The Prang at Si Thep (80)



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Si Thep is known as one of the large ancient city which is located on the Pa Sak River in Phetchabun Province. The city had been developed since the time of the bronze-iron age about 2,000 years ago. Around the 6th-7th century A.D., Si Thep was ruled by a king and dominated by Hinduism beliefs. From the 8th century A.D. onwards, Buddhism of both Hinayana and Mahayana sects were prevalent here. The archaeological investigations have turned up a number of large chedi built in the center of the city as well as neighbouring towns.

Si Thep established an enduring relationship with its neighbouring Dvaravati towns in the central plain of the Chao Phraya River; for example, Nakhon Pathom, Ku Bua and Lavo (or Lop Buri). This helped the city maintain its prosperity and sovereignty until the power of the city was declining in the 11 12th century A.D. During that time, the Lop Buri Kingdom began a new relationship with the Khmer Empire and adopted Hinduism beliefs as the main religion. Many architectural structures established in Lop Buri and its neighbouring cities at that time had signified the profound influence of Khmer art In the Si Thep, for example, the Khmer stone sanctuaries such as Prang Yai and Prang Song Phi-Nong were established in the center of the city.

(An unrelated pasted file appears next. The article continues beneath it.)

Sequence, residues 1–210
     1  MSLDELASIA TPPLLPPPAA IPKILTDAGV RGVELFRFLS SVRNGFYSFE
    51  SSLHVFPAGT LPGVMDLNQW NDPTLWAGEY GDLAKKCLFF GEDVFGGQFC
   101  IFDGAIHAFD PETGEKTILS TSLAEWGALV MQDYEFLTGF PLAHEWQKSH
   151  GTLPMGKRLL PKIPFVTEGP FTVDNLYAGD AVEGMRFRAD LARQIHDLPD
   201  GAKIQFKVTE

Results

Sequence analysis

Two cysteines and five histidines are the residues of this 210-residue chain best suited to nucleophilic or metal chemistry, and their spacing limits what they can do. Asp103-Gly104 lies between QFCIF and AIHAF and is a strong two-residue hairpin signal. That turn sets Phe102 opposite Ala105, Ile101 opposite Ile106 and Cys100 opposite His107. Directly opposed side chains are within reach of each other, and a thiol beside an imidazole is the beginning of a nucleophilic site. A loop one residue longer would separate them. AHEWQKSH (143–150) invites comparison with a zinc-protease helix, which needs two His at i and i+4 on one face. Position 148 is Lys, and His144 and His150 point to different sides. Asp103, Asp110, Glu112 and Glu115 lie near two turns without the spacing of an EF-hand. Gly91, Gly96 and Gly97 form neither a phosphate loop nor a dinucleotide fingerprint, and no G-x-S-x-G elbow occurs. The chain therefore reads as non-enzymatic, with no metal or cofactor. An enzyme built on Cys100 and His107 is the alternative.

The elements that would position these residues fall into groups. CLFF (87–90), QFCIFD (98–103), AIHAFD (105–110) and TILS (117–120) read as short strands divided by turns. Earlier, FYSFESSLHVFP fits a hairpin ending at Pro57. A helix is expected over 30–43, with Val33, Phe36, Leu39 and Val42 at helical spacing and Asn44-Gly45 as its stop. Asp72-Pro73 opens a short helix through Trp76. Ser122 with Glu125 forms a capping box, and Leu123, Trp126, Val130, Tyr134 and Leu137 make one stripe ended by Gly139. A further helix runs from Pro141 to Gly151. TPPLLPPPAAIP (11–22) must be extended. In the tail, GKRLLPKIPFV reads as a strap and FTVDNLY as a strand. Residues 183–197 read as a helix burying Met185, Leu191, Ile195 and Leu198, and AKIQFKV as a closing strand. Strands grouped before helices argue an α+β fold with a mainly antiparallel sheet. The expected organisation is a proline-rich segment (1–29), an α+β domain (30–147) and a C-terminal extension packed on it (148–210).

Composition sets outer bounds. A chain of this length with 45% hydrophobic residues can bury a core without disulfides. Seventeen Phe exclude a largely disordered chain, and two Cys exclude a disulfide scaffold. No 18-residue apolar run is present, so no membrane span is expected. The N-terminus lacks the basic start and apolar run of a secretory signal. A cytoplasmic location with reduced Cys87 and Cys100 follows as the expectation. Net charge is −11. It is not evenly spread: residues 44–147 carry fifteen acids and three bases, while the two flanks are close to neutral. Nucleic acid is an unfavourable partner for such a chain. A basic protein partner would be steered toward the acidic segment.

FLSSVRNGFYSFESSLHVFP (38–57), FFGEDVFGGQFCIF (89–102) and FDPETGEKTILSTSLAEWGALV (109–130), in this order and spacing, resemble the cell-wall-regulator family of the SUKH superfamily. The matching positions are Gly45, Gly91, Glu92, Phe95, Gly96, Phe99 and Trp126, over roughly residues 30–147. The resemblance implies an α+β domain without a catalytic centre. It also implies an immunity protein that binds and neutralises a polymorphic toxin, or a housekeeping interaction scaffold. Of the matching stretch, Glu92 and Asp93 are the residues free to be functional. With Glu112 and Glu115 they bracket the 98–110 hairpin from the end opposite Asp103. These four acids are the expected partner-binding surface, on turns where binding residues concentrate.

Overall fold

Si Thep was completely abandoned in the 13th century A.D. and turned into a small town on a communication route between the central plain of the Chao Phraya River basin and the central plain of Khorat plateau.
The historical architecture proving the existence of ancient Si Thep is Prang Si Thep, another large stone sanctuary located in the heart of Si Thep. The sanctuary illustrates the firm establishment of Hinduism beliefs that flourished in the kingdom from the 11th century A.D.

Together with the architecture, Khmer deity sculptures are also found. They can be dated to the 6th and 7th centuries A.D during which time Phra Nakhon of the Khmer Kingdom still prospered. The significant characteristics of the Khmer divine images is that they wore Persian high hats, have cdothes on and stand in the Tri Pangka posture (with one knee lowered and the opposite hip leaning sideways, and the head aligned on the center line).

Prang Si Thep at Muang Boran has been fully decorated but is smaller in size than the original prang in Phetchabun Province.